Fairy tales take a weird twist in this anthology compiling stories from an all-star cast of fantasy writers, including stories from Neil Gaiman, Charlie Jane Anders and Alison Littlewood.
Here in this book you’ll find unique twists on the fairy tale conceit of the curse, from the more traditional to the modern – giving us brand new mythologies as well as new approaches to well-loved fables. Some might shock you, some might make you laugh, but they will all impress you with their originality.
I jumped at this anthology as it had stories from some of my favourite authors – Michael Marshall Smith, Jen Williams, Mike Carey, to name but a few. But also a ton of other authors that I’d heard of, but not read, and some new-to-me names.
There are a lot of really good shorts in Cursed. There are a couple which are exceptional, one which made me go hmm, and only one which really didn’t work for me. Overall, I really enjoyed this selection of twisty takes on the fairy tale.
My favourites from the selection on offer:
At That Age, by Catriona Ward.
Strange Stepford-esque twins appear in a school class, showing off a life of wealth and parties, and quickly ensnare a young lad into their… unusual lifestyle. A dark, unsettling story about consequence, mixing folklore into a distinctly modern setting.
Listen, by Jen Williams.
It’s not often with a short story that you get a scope quite so epic in scale. Erren plays her pipes for anyone who’ll listen, albeit reluctantly. She plays for the villagers, for royalty, but the music reveals things that the listeners would rather left unsaid. You think from the start you know where it’s going, but Williams has you caught up in her own clever tune. It’s just wonderful.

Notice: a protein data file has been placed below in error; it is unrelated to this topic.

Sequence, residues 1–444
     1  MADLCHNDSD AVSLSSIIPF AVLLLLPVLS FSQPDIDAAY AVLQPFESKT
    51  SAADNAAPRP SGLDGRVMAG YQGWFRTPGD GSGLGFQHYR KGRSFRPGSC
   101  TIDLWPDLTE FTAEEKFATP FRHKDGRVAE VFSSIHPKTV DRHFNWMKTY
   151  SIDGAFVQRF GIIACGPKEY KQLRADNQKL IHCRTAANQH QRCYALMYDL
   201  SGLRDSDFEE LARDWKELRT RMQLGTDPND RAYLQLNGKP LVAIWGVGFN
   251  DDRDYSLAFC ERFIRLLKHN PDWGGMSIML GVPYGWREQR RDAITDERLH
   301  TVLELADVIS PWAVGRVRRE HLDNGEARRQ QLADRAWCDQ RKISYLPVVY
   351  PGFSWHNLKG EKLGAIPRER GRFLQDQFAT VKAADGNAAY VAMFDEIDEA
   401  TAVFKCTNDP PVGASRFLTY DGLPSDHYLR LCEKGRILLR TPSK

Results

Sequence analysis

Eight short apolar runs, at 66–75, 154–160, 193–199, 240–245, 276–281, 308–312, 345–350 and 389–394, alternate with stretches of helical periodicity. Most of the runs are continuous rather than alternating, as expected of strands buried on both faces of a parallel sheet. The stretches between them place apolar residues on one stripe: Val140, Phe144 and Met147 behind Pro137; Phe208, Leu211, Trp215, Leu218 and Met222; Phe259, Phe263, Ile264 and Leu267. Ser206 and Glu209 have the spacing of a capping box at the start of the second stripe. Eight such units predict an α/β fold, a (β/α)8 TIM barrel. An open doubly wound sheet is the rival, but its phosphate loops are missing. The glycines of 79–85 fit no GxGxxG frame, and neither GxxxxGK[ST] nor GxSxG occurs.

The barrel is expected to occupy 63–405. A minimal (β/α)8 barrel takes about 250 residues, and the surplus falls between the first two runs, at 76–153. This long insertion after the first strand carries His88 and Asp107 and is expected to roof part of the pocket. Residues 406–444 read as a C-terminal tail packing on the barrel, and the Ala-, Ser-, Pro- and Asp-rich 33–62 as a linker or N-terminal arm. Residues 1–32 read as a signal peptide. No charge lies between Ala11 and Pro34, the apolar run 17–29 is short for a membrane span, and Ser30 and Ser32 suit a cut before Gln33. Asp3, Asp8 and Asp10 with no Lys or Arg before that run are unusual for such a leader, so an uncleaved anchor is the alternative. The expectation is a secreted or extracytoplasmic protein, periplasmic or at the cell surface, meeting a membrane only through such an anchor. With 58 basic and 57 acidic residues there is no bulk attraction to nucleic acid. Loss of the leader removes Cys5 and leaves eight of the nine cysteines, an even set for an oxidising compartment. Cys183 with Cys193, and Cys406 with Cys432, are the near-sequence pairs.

Henry and the Snakewood Box, by M. R. Carey.
Ah, I really enjoyed this one. A demonic box who enjoys toying with his owner is a fun premise, and Carey clearly enjoys seeing how far it can go. Wishes are tricksy things, and you don’t always get what you want, even if it’s exactly what you wished for.
Fairy Werewolf vs. Vampire Zombie, by Charlie Jane Anders. My absolute favourite of the collection. I’ve not read any of Anders’ other books, but will be doing so shortly! A bar where our magical cousins go to knock back a cold one gets a new singer with a rather unusual secret. The writing is fun and zippy and the characters bounce off the page, with some great action scenes. I could happily read more adventures of Rachel, the bar owner.
Those four in my opinion are worth the price of admission alone. That’s not to say the others aren’t good – I also enjoyed Troll Bridge by Neil Gaiman, for example. But it felt like I knew exactly where that one was going, and was a solid Gaiman telling of a story. It was good! Just not as delightfully original as the others.
Of the stories which didn’t quite work, we had Michael Marshall Smith’s Look Inside. I’m a huge fan of his books and short stories (and boy can he tell a short story) but this one had a note which just didn’t quite sit with me – a woman finds out that someone has been in her house, but doesn’t seem particularly concerned. She thinks about calling the police, but doesn’t, shrugging it off as just an intruder. This note felt…wrong, and undermined the otherwise excellent story.
The other one which bothered me was Skin, by James Brodgen. A man makes an unpleasant comment to his date, and ends up being cursed to see his own imperfections, with horrific results. But then lays blame on the woman for his curse (brought on by his own faults). And she agrees that the consequences of his actions are her fault. Did not like, though the writing itself was good, and nicely creepy and atmospheric, the misogyny was jarring.
Overall though, those are just two out of twenty. The other 90% of the stories are very good, and with a collection of short stories you’re never going to like everything.
So, with the caveat about those two, I heartily recommend this anthology.
You’ll need to make your own mind up though!
Cursed: An Anthology of Dark Fairy Tales, edited by Marie O’Regan and Paul Kane is published by Titan Books and is out now. Many thanks to Lydia Gittins at Titan Books for the review copy.